Our anniversary is Tuesday and I plan to post some photos of us on our special day. However, I’m writing today because after thirty-seven years Gary and I have a bond that is worth analyzing a bit. Sundays are good for that.
First of all, we know each other. I started thinking about that Thursday when Gary called me to tell me he needed a ride because his car had quit. I was still on the road the first time he called so he had been at the dealership for about an hour by the time he reached me. While he was waiting for me he weighed our options and looked at new vehicles to replace our dead car. He picked out one he thought I would like.
When I arrived we had a brief discussion about keeping and repairing our car. I agreed that it was far too costly and risky for such an old car. So…I asked him what he had looked at and he said “pickups”. Now this has been a discussion we have had for years! I’ve always wanted a pickup and we’ve always bought a car. But not this time. He told me there was a truck on the lot that he thought I would want and we could afford. And here is the thing about being married for thirty-seven years- I would have picked out the same one! It is exactly what I wanted! He remembered all the things I’ve told him over the years, even that I didn’t want carpet. And it’s blue! I didn’t even drive it until Friday when we got ready to sign the papers. I just knew it was going to be perfect, and it is.
Second, we have similar backgrounds and values despite a seven-year age difference. We were deeply influenced by our grandmothers. We had authoritative fathers. We were raised on farms. We like many of the same activities. We actually consider ourselves best friends. This is not always a good thing. Our son has a saying about us- “My parents are crazy!” I’m sure we are the source of much of the stand-up routine he does at the clubs in Dallas. Our girls are more polite. They are apt to use the word “different” or “special”. What they mean is that they don’t understand us. They think much of what we do is old-fashioned. They think we are an odd pairing- polar opposites on some topics and clones on others. Much of what we do has no rhyme or reason for them. Sometimes they question our ability to survive in their “modern world”. I remember thinking the same things about my parents. However, I think deep down they are proud of the fact that we have stayed together and still love each other.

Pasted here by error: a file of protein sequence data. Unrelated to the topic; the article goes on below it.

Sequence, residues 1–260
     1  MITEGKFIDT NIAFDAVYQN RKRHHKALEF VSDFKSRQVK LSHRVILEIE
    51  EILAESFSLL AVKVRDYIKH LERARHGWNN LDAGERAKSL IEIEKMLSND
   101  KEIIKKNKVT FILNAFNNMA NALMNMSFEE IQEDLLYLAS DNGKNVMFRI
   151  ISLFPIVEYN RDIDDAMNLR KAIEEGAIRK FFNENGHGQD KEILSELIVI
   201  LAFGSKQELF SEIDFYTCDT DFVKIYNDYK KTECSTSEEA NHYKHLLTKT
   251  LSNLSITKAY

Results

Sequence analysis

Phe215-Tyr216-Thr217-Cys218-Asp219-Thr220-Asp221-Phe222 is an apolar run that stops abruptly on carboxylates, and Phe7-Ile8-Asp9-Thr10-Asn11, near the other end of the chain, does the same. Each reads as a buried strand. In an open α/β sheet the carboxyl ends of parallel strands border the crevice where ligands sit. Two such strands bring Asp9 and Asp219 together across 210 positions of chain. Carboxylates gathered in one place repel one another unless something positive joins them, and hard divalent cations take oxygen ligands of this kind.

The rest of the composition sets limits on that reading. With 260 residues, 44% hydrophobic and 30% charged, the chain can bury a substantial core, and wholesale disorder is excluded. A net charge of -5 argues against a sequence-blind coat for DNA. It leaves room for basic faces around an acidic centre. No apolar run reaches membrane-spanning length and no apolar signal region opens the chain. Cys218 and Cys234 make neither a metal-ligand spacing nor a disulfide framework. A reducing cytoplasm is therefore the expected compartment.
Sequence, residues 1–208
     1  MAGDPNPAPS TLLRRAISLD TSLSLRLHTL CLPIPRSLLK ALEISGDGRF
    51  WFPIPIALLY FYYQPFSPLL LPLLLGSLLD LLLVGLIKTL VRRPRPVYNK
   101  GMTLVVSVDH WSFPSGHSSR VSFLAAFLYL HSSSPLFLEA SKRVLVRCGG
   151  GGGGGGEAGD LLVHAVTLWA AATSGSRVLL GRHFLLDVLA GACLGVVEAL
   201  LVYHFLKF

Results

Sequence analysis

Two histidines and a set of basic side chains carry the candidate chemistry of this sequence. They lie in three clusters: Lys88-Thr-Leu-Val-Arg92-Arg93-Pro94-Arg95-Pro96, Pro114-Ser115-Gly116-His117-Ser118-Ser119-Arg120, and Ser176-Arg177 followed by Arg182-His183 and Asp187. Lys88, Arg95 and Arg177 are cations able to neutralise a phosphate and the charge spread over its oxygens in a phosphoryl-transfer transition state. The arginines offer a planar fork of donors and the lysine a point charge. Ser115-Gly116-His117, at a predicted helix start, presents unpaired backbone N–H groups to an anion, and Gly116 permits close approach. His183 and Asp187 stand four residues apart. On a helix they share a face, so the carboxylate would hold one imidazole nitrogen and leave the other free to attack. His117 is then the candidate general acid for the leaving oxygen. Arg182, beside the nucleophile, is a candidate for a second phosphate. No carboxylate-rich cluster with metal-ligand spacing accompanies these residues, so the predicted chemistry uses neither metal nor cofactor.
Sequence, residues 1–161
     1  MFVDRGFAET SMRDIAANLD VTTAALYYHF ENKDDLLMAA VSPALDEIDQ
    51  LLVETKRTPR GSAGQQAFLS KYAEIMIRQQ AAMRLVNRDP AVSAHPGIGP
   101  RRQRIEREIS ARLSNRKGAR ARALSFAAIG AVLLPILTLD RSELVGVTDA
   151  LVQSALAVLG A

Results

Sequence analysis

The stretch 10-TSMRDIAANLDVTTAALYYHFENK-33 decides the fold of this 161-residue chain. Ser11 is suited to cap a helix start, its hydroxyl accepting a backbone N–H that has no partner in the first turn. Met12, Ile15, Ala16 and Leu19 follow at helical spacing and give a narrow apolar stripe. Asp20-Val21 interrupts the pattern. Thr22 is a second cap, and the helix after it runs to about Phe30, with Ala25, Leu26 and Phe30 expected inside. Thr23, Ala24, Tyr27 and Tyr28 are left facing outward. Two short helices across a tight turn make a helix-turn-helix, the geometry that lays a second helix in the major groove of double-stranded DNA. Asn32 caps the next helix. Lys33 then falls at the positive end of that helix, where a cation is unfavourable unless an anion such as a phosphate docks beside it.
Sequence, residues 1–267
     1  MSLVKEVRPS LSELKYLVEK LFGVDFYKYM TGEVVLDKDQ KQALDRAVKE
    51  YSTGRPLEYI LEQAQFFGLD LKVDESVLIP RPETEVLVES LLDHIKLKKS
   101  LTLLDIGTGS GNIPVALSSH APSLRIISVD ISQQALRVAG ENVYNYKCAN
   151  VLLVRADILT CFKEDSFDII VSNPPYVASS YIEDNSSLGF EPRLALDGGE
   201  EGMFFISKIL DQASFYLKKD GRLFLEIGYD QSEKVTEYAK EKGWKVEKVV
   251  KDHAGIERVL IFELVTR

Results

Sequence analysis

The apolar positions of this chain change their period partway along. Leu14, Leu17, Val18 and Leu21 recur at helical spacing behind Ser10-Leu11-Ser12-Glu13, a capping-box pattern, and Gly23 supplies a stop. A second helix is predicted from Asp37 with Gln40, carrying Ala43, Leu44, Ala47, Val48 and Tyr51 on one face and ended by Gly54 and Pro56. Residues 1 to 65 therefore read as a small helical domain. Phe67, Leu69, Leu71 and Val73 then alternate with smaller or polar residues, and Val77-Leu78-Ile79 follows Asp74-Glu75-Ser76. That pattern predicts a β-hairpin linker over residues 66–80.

We have agreed over the years to just disagree about some things, but don’t assume that we are some perfect couple. Gary often drives me crazy. I nag him to death about his socks on the floor and candy wrappers left in the living room and a dozen petty things. After all, he is a man! Men are never fully housebroken. He complains about my stubbornness and my obsessive ways. But we “fight fair”. We don’t fall into name-calling or endless arguments about the past. We accept some personality traits as “just the way we are” and go on. I can count on one hand the number of times we’ve actually yelled at each other in anger. Most of those involved disagreements about our children or money. Aren’t those the most heated arguments in your house?
We have endured. We’ve been together through some horrible experiences. We’ve faced financial disasters, accidents, illnesses, heartbreak, and the deaths of loved ones. We’ve also had some wonderful experiences together. After thirty-seven years I can look back and see a balance between the two that I appreciate.
I married one of the good guys. He is thoughtful, helpful, respectful, and understanding. He’s also intelligent and creative. He has a good sense of humor. He works hard. He likes to make me happy. I think I’ll keep him.